Network schemes for TCP elastic traffic in the Internet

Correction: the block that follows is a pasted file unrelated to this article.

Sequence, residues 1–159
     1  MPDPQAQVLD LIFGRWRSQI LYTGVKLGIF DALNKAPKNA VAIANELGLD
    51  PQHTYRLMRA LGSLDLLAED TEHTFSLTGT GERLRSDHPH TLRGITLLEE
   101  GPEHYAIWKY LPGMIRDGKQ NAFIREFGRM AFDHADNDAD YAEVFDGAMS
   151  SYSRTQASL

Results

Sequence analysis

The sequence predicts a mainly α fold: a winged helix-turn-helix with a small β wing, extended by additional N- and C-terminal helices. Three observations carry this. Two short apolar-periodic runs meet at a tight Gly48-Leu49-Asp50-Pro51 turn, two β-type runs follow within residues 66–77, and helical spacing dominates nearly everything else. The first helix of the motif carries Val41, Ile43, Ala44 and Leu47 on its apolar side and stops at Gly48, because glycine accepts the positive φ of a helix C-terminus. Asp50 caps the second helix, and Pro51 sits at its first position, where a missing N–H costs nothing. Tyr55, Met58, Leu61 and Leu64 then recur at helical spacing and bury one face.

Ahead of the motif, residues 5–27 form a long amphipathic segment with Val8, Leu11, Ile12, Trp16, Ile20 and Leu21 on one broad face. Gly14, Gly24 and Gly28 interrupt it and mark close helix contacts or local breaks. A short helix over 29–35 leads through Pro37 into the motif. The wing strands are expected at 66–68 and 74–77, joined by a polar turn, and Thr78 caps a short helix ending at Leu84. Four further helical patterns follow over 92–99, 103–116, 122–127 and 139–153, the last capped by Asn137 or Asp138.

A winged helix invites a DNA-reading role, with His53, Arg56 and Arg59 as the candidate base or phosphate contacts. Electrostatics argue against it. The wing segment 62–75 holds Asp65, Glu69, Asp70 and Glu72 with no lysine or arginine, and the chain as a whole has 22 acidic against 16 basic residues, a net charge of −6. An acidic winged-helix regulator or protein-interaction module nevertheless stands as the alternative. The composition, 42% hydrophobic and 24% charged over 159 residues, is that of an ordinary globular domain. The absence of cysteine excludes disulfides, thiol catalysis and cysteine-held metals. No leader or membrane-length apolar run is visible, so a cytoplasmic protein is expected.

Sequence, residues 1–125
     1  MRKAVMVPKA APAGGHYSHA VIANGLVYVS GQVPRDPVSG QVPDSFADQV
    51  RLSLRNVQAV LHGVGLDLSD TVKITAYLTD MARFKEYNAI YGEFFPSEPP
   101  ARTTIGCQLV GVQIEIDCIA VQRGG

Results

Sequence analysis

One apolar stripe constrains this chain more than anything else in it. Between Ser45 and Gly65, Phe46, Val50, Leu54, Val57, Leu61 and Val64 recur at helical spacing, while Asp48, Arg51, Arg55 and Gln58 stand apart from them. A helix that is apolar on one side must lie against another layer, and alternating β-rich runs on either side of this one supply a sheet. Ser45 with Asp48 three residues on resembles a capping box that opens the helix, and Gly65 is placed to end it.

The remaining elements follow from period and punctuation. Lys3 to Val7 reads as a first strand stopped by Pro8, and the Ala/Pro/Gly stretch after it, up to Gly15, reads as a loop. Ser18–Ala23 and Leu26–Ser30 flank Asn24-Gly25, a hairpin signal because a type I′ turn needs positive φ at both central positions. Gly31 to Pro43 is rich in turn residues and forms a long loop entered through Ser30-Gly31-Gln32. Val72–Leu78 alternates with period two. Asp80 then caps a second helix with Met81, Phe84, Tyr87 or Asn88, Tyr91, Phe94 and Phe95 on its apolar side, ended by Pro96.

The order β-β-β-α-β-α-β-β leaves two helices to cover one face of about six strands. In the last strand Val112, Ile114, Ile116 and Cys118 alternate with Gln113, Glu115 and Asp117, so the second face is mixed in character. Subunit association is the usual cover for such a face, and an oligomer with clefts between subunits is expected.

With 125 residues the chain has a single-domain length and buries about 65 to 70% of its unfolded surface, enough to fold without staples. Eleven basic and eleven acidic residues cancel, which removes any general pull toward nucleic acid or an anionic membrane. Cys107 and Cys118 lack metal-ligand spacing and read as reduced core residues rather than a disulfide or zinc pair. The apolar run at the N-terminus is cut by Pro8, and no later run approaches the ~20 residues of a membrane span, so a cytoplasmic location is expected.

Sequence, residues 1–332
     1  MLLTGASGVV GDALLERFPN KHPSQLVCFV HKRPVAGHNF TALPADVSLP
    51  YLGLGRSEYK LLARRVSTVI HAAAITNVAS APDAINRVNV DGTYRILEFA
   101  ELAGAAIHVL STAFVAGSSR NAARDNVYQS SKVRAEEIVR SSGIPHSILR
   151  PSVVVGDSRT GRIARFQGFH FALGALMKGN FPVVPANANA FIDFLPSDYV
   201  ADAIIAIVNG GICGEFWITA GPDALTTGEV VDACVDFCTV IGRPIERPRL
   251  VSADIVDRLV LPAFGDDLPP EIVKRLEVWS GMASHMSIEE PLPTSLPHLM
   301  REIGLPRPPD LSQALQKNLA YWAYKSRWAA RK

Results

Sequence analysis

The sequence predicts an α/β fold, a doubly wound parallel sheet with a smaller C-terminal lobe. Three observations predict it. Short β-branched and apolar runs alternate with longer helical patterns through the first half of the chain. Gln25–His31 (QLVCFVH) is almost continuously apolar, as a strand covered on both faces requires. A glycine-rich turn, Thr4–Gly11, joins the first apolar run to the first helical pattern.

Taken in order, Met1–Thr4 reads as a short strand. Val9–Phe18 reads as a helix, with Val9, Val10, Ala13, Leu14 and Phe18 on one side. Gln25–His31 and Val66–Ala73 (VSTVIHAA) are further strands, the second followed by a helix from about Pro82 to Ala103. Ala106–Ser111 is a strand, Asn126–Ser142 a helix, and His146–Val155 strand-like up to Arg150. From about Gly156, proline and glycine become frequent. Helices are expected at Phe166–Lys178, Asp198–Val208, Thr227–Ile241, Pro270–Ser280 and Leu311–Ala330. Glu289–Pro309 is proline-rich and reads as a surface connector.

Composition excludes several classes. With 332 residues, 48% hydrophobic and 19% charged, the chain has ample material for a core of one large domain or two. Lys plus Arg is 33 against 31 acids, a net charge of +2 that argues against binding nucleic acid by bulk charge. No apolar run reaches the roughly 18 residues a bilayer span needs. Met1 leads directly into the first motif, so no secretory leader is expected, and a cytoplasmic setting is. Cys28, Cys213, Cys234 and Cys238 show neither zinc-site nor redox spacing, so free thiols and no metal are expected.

TCP elastic traffic is generated by the traditional “data” applications in the Internet, such as web browsing, peer-to-peer file sharing, ftp, e-mail and other. These applications are built on top of TCP, which provides reliable transfers and adjusts the sending rate to the network conditions to achieve the maximum possible throughput, a feature that makes TCP flows to be called “elastic”. From the point of view of the network, TCP elastic traffic requires the maximum possible throughput above a minimum value, a network service that we call the Minimum Throughput Service (MTS). In this paper we survey the main network schemes that have been proposed in the Internet to provide this service for TCP elastic traffic, classified in two broad groups, the ones that do not use Admission Control (AC) and the ones that do use it. For each network scheme we describe the main characteristics of the service (whether the minimum throughput can be different or is the same for all flows, whether isolation among flows is provided, etc.) and their architecture (the specific traffic conditioning, queue disciplines and AC mechanisms used, the required state, the use of signaling, etc.).
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